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65" Edge-lit LED 3D HDTV, $3699


Before I describe the 3D performance of the XVT3D650SV, let's talk about 2D, which still is over 95% of the content available today.

This VIZIO employs edge-lit LED technology. Though it has progressed a long way in the last few years, I still prefer the quality of the direct-lit (full array) LED method (like in the VIZIO XVT473SV that I reviewed last year). And I'm still impressed with the PQ (Picture Quality) of top end plasma TVs.

I find that the direct-lit can produce deeper blacks and richer colors. But with the XVT3D650SV's Smart Dimming, the differences become less noticeable. And at this time, I don't find any manufacturers that are making 65" direct-lit TVs, though there are a few plasma models that gigantic size.

Another common advantage of a direct-lit TV, is that it tends to disperse light more evenly across the screen, resulting in no hot spots. Again, I find this edge-lit XVT3D650SV does a good job of spreading the light evenly. Is it perfect? No.


As for judging 3D performance, I'm always find myself in a quandary at the end of the day because I'm not a big fan of the current state of 3D. And working through the process with this TV just reconfirms my feelings.

To begin, I like to use the 3D Blu-ray of Alice in Wonderland as a reference movie partially because I like the 3D effects, but mostly because I love the story and artistry.

When I first played it on this VIZIO, I was impressed with how the TV produced the 3D effects. It was one of those, head nodding moments of appreciation. I was ready to give the XVT3D650SV my 3D seal of approval.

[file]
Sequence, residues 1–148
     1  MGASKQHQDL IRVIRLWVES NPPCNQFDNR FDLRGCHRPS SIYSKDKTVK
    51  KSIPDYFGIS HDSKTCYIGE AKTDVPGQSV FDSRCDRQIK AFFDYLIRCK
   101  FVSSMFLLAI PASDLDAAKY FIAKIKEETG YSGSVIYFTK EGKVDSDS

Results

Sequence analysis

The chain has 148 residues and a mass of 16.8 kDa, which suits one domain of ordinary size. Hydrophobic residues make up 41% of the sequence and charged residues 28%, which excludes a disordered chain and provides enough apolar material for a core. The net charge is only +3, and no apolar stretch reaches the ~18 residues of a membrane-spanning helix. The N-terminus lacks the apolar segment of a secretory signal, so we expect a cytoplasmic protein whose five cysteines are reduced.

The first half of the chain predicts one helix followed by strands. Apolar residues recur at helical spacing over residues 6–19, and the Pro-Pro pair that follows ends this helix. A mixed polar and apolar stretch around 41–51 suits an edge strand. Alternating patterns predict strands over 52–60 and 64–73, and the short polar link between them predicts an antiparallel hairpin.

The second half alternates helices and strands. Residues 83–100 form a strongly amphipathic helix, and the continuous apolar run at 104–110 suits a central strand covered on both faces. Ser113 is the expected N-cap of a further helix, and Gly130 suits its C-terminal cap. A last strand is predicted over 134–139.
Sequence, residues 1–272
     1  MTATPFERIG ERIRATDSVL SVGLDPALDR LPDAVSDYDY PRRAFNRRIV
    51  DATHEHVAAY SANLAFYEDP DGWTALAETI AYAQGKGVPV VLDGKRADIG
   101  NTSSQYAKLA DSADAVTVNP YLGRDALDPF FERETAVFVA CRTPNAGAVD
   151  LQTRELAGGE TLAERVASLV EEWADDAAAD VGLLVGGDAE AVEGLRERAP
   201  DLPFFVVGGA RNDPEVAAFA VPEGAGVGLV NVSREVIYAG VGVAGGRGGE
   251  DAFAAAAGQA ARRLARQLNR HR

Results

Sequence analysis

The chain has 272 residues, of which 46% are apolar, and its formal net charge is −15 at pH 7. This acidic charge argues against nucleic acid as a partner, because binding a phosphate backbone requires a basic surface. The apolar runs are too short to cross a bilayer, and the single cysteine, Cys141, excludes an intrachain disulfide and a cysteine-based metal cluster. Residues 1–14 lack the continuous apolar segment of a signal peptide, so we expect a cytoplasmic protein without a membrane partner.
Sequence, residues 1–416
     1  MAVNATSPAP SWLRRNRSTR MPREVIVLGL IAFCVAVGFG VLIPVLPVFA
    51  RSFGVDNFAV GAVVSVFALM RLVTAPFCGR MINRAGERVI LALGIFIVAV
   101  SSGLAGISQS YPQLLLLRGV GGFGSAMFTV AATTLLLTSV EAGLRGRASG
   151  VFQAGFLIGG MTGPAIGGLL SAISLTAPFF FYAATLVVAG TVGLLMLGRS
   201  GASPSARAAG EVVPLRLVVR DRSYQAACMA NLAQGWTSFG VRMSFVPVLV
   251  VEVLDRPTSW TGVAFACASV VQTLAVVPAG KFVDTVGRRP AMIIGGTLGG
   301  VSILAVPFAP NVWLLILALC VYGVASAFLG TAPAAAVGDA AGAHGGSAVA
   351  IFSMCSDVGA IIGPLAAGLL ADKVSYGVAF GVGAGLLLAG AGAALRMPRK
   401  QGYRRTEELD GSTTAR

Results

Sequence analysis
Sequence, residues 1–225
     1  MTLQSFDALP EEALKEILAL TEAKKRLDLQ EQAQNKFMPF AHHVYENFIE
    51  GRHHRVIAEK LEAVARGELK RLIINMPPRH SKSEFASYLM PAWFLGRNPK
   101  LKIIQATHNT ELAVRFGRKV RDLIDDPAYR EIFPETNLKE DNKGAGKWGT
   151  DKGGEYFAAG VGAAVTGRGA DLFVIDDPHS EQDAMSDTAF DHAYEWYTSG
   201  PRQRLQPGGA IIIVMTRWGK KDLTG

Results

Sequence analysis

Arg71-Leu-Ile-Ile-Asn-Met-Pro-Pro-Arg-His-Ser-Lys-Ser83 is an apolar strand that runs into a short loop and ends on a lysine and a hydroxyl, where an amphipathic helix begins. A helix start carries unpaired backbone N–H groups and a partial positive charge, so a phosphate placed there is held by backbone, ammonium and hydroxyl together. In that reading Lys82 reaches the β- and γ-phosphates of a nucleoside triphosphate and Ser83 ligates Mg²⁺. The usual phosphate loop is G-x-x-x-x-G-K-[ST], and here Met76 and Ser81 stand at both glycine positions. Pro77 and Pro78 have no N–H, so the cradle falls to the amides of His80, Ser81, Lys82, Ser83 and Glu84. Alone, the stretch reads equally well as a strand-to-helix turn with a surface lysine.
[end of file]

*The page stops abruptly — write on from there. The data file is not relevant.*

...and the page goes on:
Later, I sat down to watch Alice with an associate and I became aware of some of the qualities that annoy me about 3D, most notably how it cuts the light output, but more importantly, how it shifts and desaturates the color. And with Alice, color is a prominent element.

Now, let me emphasize that these traits are not particular to this TV. All 3D TVs, both active shutter and passive polarizing tend to exhibit these faults. When I encounter one that doesn't, I will shout about it from the bell tower.

With that said, let's move on to a discussion that you will be reading more about as more passive 3D TVs become available. One of the advantages touted by the active shutter camp is that their technology displays full 1080p resolution while the passive only displays 540 lines for each eye.

At CES, LG Display was presenting research that posited that our brain takes those left and right 540 lines and composes a full 1080 image. I can only imagine the flame wars arising over this topic.


For me, the active vs. passive debate boils down to two factors, perceived PQ and the 3D glasses. Right now, I am not noticing a great difference in 3D PQ between the two technologies.

And when it comes to the glasses, passive wins out by a long shot. They are cheaper, often lighter, require no batteries, and allow better viewing angles.